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Deep in a Chinese Coal Miners' Story
China Underground: Li Yang's 'Blind Shaft'
Hyejin Kim (mine1004)     Email Article  Print Article 
Published 2006-04-05 11:12 (KST)   
[This review contains some spoilers. -- Ed.]

A dark and dusty cave swallows a pack of Chinese men every morning. Most coal mines in China are powered by migrant workers who are forced to endure back-breaking, dangerous work in order to send money home.

A dim and quiet place. The underground world is completely isolated from the outside. Two miners, Tang and Song, take a rest with another friend and ask him whether he is homesick. With a shy, but big smile, he admits to missing his family, but says he can tolerate it for the happiness of being able to send money home before the New Year. Out of the blue, his two friends smack him over the head with their pick-axes and fling his body under collapsing rocks.

©2006 Kino International
In Li Yang's 2003 award winning movie, "Blind Shaft," death is unworthy of attention. No background music. No climax. No artistry showing respect for a human's death can be found in the film. In the middle of the movie, one character says that China is short of everything, except humans.

With desperate looks on their faces, Tang and Song exit to the bright world above. Tang cries out that his brother has died in the mine due to a collapse. With Song's mediation, the mine owner thrusts money into Tang's pocket and pleads with them not to make the accident public. The owner's friend casually advises him to kill both of them and to conceal their death with the help of local officials who are his friends. But the owner responds that giving compensation to these two laborers would be nothing compared to the bribe for local cadres.

Tang and Song are murderous grifters who use the mining industry to exchange human lives for cash. They wire money to their own families and promise to return before the Spring Festival. Song is proud of sending home money for his studious son's tuition. Tang and Song share the dead man's belongings.

They accept their lives in the harsh reality of today's China. They believe that their work is simply a way they can survive.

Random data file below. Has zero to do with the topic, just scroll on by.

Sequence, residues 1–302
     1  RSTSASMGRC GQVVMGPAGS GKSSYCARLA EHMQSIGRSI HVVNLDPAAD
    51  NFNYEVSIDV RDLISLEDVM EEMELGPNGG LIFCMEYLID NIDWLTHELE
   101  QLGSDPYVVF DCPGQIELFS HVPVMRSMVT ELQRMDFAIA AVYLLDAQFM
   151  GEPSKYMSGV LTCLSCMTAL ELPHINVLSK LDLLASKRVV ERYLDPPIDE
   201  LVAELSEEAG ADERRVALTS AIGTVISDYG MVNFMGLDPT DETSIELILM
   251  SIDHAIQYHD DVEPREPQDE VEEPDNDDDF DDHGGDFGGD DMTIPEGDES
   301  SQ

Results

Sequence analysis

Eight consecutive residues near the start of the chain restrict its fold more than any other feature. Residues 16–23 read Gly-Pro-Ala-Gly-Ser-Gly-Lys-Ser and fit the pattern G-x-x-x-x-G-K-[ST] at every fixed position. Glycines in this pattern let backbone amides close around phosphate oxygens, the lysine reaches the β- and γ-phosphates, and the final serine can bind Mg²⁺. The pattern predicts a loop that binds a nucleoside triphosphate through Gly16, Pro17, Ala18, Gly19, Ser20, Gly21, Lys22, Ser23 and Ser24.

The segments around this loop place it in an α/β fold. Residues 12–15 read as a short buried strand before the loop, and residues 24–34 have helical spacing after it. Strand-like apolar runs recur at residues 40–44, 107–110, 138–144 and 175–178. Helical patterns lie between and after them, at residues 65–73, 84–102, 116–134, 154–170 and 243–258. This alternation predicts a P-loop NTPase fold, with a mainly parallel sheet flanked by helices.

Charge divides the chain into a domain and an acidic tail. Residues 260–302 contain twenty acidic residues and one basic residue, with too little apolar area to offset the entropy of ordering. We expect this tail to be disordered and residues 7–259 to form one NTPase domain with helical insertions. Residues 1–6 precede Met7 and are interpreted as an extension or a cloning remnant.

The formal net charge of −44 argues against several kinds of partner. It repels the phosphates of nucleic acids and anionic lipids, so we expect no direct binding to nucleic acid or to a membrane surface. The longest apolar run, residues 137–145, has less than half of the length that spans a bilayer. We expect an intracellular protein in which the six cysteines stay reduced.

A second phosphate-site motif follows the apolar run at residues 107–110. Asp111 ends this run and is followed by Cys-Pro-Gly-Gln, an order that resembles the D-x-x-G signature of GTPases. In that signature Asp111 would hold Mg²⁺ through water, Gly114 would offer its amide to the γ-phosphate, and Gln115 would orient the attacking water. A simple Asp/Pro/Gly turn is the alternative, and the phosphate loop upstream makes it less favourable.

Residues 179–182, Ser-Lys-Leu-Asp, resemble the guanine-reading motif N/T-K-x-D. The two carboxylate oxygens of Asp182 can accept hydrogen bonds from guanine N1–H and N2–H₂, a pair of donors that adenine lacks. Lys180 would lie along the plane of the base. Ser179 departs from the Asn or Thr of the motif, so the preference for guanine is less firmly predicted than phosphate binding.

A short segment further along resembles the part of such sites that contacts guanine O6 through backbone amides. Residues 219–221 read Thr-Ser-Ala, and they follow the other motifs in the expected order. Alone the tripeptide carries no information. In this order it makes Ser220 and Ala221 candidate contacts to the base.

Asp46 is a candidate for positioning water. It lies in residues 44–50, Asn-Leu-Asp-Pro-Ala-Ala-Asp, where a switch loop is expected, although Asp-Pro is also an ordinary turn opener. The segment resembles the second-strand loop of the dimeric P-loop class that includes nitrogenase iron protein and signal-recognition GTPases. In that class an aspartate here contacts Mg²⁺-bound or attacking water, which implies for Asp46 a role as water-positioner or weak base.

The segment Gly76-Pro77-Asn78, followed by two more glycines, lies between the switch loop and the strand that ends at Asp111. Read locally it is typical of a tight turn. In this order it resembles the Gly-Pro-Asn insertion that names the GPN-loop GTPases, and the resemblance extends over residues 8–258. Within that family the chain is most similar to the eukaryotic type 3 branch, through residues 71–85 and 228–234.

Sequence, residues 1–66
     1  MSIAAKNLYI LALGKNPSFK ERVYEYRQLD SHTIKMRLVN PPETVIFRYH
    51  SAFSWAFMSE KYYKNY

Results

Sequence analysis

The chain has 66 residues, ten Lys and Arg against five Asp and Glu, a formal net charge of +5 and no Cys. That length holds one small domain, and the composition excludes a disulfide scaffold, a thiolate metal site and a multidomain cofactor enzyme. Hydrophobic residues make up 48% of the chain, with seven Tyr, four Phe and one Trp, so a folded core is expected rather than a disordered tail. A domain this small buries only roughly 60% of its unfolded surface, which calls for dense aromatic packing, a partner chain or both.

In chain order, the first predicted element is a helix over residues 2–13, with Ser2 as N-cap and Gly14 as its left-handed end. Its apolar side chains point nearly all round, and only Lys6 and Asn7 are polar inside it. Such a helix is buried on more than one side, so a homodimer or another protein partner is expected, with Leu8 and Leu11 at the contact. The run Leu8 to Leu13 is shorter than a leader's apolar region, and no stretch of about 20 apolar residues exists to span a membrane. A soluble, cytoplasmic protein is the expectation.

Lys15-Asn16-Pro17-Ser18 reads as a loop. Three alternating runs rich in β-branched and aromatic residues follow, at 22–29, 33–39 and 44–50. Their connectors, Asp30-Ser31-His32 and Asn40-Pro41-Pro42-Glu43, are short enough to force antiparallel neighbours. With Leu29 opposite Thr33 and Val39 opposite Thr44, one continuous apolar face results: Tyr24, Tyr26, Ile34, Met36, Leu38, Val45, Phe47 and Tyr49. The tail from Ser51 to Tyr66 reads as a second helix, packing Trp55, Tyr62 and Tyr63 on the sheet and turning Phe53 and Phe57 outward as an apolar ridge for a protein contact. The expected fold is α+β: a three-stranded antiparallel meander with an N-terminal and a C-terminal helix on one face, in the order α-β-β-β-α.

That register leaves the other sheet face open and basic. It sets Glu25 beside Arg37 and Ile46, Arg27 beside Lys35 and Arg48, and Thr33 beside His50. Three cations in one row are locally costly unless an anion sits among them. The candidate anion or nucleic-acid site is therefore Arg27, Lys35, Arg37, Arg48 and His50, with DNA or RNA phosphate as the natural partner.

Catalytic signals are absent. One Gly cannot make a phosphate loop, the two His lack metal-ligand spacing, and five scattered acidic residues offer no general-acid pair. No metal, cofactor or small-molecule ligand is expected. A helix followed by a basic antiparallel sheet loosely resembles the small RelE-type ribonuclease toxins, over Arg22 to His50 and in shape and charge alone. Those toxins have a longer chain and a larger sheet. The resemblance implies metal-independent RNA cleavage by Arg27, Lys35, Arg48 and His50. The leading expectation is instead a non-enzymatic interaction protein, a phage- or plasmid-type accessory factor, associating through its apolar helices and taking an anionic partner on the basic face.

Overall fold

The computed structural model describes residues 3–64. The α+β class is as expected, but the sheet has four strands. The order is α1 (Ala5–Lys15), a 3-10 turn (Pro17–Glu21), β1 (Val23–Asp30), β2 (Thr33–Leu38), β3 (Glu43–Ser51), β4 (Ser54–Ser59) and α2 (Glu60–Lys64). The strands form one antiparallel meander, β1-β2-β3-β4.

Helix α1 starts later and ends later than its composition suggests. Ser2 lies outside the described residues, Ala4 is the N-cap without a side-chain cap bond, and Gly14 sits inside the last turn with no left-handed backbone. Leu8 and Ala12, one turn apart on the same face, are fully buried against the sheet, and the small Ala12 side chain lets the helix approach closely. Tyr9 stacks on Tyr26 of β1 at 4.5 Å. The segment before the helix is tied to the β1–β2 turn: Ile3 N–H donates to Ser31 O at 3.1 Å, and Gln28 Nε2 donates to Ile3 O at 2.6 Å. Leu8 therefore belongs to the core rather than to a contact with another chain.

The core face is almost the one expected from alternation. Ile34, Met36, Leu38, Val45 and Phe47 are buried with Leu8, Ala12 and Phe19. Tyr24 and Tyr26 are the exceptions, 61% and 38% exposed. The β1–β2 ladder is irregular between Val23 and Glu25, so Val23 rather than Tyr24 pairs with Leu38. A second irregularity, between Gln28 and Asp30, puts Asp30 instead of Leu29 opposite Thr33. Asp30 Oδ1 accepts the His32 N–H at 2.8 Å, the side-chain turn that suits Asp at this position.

One boy changes everything. Shy and naive, 16-year-old Yuan goes to the city with a big bag on his shoulder after his family runs out of money for his tuition. He wanders the streets looking for any kind of job that pays and dreams of finding his father, who has not contacted the family for months. This simple soul is fished off the city street by Tang. Listening to Yuan's story, Tang promises to help him make a lot of money and disguises him as Song's nephew to take him to a coal mine. After acquiring ID showing Yuan to be two years older than he is, the three men set out to work in a coal mine.

But Song comes to feel that this boy is bad luck. He thinks that the boy resembles the man they killed previously. Through the boy, Song looks at himself and his son. He himself was unable to finish school because of money problems and could not help but give up.

Yuan follows Song as though he were his real uncle. He carries a history book around, unwilling to give up his education. Away from his own son, Song feels a strong paternal attachment to Yuan. Song continually delays the date for killing him. His hesitation irritates Tang.

Then comes an unexpected ending. On the day Song promised Tang he would kill Yuan, Tang all of a sudden swats Song's head first and then attempts to kill Yuan. Yuan backs away from Tang, who suffers a blow from a recovering Song. Unaware of what is going on inside, a miner closes the shaft after Yuan's exit. Dynamite is detonated, leaving Song's and Tang's bodies in the darkness.

Hesitating before taking money as compensation, Yuan walks away from the mine and watches the cremation of his foster uncle.

The Chinese director, Li Yang, shows many current problems in China, which the Chinese government cannot be happy about. His movie is so realistic, even minor characters and passing dialogue shed light on Chinese society today. His movie is banned from being shown in China, and Li is no longer allowed to make films in the country.

The Chinese coal industry has the reputation of being not only the world's largest, but also the most dangerous sector in China. China has thousands of small mines and pits, many of which are uncertified and have abysmal safety records. They are run by local governments or individuals. According to a widely-cited estimate, about 10,000 miners die in China every year. The real figure is probably far higher.

Owing to the infamy of Chinese coal mines inside and outside the country and human rights campaigns, the Chinese central government appropriated U.S. $265 million for coal-mine safety in 2004 and closed illegal and dangerous mines and pits. The death rate has decreased from 5.77 miners per million tons of coal produced in 2000 to 3.081 in 2004, the government reported.

But cases of small and large mining accidents continue to come up frequently in the Chinese media.

In order to make this film, Li himself faced danger working in a mine and visited many other mines. But his movie is not just about coal miners. He portrays Chinese people's struggle to catch up with the fast changes of a capitalist economy, through karaoke girls, masseuses, day-laborers, and coal mining bosses.

Introducing his film, Li states, "Any country needs to promote its bright and glorious side. But is it not true that the exposition and critique of the dark and ugly sides of human nature and society can in fact promote progress and development of the society even more?"
©2006 OhmyNews

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